It’s graduation season at Rutgers, and students are celebrating – as well as fielding questions from family, friends, and others about what they’re going to do next.
Whether they answer with confidence or uncertainty, the reality for those interested in global health is that the path to such a career is rarely a straight one. This isn’t surprising, given the breadth and complexity of the field. Over time, as individuals are exposed to the myriad aspects of global health, their goals may expand or change entirely.
So it was with two core faculty members at Rutgers Global Health Institute, Hari Iyer and Woojin Jung, who reflected on their own professional journeys since their college days. Their career paths toward roles focused on improving the health and well-being of populations in need involved unexpected turns, loops, and the occasional switchback, some of which are highlighted here.
From Finding Public Health to Finding Out What Works to Prevent Cancer
Epidemiologist Hari Iyer had considered a career as a medical doctor. Now he’s leading the Precision Prevention of Prostate Cancer Laboratory at Rutgers Cancer Institute of New Jersey, where he also is an assistant professor of cancer epidemiology and health outcomes.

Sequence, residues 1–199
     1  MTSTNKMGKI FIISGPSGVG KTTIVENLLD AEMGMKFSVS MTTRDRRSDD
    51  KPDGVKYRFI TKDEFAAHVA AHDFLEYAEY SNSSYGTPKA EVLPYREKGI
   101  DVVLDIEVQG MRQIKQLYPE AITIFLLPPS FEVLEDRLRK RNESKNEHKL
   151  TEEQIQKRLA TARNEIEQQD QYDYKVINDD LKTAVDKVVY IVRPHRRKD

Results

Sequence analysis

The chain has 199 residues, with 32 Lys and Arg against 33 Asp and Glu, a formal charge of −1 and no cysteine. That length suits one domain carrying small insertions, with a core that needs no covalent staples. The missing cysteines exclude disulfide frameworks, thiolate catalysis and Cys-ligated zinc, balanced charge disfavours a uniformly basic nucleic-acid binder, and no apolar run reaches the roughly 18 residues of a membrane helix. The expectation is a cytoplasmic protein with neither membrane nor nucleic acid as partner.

When he was an undergraduate biology major at Dartmouth, Hari Iyer didn’t know that public health “was even a thing,” he says. “I didn’t have a sense of what careers were out there in health, so medicine seemed like an obvious choice.”
As Iyer learned more about the field of public health, he was excited to discover that career possibilities were virtually endless. “Oh gosh,” Iyer remembers thinking, “it’s like pick your own adventure: I can choose what interests me, and that includes switching to different topics if I realize something isn’t a good fit for me.”
After getting his master’s degree in public health, he worked in Zambia for the Boston University School of Public Health, studying the costs and outcomes of different models for antiretroviral HIV therapies. It was there that he realized you could study health in the context of program outcomes – determining which public health interventions work and which don’t – and decided that’s what he wanted to do.
His next role was in Rwanda, working with the nonprofit Partners in Health, which was supporting the Rwandan government in establishing cancer hospitals in remote areas of the country. He began to learn about cancer epidemiology – studying cancer not in individuals but in populations – and was fascinated by the concept. “Maybe,” he says he remembers thinking, “this is an area I could contribute to over the course of my career.”
He pursued a doctorate in the subject and became increasingly interested in spatial analysis, which he describes as the intersection of geography and disease. Prostate cancer intrigued him because, at the time, environmental and socioeconomic factors were thought to play a strong role in the burden of negative outcomes for African-American men, but few studies had demonstrated this.